During January 1894, Adelaide’s first design for training in domestic science was limited to instruction in cooking and was convened by the Hamilton YWCA where she was second president. The demand by working girls (Crowely 524) for instruction in cooking outpaced the capacity of the Hamilton YWCA staff. Adelaide attempted to recruit municipal councils generally, Hamilton City Council in particular, and specifically, the Hamilton Board of Education, to extend the venue for her program beyond the Hamilton YWCA to Hamilton public schools.
The Hamilton School Board compromised. Working with Adelaide and the Hamilton YWCA, Adelaide’s second design for instruction in domestic science was developed. The second design featured education of teachers of domestic science at the Hamilton YWCA: this proceeded in an ad hoc School of Domestic Science. In the process, domestic science progressed from a preliminary design for instruction in cooking only to a more advanced design for learning about how to teach domestic science. The ad hoc School of Domestic Science opened officially in 1895 to serve students in Hamilton public schools in preparation for careers in teaching domestic science.
After Adelaide demonstrated the feasibility of teaching and learning about domestic science, several factors combined to extend the theatre of Adelaide campaign beyond the city of Hamilton. Her campaign garnered nation-wide attention in January 1895, when she was elected president of the Dominion YWCA. In December 1896, she began advocating for a women’s institute at the provincial level. By February 1897, the successful inauguration of the Women Institute in Ontario took place, thus widening the provincial focus on her domestic science.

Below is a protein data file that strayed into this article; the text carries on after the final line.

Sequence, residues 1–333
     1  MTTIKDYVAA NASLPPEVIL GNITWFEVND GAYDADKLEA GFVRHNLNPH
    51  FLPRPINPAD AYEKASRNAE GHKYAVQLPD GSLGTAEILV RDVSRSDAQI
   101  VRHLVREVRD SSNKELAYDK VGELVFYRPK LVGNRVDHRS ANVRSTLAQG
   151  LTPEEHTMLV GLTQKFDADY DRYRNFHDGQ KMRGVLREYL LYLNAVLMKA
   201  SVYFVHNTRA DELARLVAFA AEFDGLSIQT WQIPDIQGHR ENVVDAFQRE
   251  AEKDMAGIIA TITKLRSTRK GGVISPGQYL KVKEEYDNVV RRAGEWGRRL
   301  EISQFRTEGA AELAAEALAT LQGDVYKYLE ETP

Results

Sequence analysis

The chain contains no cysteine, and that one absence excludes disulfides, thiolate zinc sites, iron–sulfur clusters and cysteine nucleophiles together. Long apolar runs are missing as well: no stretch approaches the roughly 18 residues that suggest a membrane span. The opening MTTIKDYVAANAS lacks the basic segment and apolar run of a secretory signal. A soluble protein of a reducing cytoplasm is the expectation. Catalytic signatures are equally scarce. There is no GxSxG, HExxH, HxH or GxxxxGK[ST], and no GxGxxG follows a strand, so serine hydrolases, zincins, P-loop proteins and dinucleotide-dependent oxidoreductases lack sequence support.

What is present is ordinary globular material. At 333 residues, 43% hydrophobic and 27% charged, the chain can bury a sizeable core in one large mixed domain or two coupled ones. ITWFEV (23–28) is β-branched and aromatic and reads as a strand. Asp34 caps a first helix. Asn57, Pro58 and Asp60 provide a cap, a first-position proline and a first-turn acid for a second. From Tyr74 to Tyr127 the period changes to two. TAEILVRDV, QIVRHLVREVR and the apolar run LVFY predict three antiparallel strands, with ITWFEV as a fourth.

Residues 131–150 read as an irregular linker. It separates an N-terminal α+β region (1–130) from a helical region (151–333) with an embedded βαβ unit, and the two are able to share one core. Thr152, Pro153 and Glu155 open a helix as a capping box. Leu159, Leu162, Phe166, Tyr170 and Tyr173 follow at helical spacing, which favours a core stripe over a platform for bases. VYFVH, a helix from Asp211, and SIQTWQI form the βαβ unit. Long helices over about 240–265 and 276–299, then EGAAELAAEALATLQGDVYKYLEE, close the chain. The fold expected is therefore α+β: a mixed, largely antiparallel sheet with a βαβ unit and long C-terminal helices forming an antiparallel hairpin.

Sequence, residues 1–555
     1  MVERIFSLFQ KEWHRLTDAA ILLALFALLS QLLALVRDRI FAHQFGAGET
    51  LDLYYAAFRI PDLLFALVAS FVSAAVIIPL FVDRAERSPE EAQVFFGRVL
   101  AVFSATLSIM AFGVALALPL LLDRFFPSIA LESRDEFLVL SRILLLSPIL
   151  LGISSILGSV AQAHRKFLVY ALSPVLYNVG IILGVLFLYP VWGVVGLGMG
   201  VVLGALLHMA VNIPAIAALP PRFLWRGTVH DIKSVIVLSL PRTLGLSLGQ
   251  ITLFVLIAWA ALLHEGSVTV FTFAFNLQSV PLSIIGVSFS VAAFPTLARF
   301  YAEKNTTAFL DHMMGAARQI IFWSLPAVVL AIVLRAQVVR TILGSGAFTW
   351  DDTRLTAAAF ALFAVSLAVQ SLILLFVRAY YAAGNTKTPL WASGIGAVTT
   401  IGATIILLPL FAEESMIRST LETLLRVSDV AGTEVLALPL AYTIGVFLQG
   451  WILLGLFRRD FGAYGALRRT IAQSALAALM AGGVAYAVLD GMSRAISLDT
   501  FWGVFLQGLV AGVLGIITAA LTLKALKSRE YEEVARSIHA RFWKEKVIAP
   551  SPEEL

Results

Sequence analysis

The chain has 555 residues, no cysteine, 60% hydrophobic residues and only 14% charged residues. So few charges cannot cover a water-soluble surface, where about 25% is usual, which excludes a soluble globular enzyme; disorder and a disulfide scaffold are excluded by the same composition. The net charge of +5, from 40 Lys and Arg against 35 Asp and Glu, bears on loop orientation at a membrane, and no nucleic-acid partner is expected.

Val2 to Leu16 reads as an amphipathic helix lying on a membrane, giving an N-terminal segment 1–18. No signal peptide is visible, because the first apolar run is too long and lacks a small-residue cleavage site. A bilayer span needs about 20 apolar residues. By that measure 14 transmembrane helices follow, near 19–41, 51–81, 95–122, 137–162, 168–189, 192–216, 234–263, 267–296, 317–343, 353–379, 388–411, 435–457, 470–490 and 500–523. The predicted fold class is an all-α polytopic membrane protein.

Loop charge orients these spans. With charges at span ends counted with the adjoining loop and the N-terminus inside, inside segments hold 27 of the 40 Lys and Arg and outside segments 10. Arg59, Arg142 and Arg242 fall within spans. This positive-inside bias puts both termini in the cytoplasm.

In January 1897, provincial legislation allowed for domestic science courses in public schools, and Adelaide begins work as domestic science publicist for the Department of Education [in Ontario] (MacDonald 167-168). In January 1898, three years after its opening, the ad hoc School of Domestic Science at the Hamilton YWCA closed and was replaced in February 1900 by a formal provincial education institution, the Ontario Normal School of Domestic Science and Arts (ONSDSA). Hoodless was fully recognized for her contributions to education in domestic science. Closure of the Hamilton School of Domestic Science marks the end of the first stage in her campaign.
Second Campaign, 1898-1908
During 1898, Hoodless published her textbook Public School Domestic Science, and in 1899, she contributed to successful plans for the introduction of the Victoria Order of Nurses to Hamilton. These initiatives were followed by her appointment as president of ONSDSA in February 1900.
Hoodless was required to direct her attention and personal finances homeward, as her husband, John Hoodless, encountered temporary financial business difficulties. She resigned from the National Council of Women in 1901, and with encouragement from the Ontario Minister of Education, Richard Harcourt, Adelaide set her sights on post-secondary education, the third design for education in domestic science.
In 1901, Adelaide visited Montreal to meet with Sir William Macdonald, Canada’s irascible and eccentric millionaire, yet one of its greatest educational philanthropists (Stamp 226). Her purpose was to discuss the possibility of his financial support for post-secondary education in domestic science. She requested funding for the construction of the proposed Macdonald Institute at the Ontario Agricultural College in Guelph, Ontario.
The following year, burdened by household financial problems and the demands of her relentless public service, Hoodless resigned from the presidency of the Hamilton YWCA. Her efforts were not without personal cost, as she suffered a nervous breakdown later in 1902. Still, her negotiations with Sir William Macdonald were successful, and the formal opening of the Macdonald Institute took place on December 7, 1904. MacDonald provides insight into the courses of study at the Institute: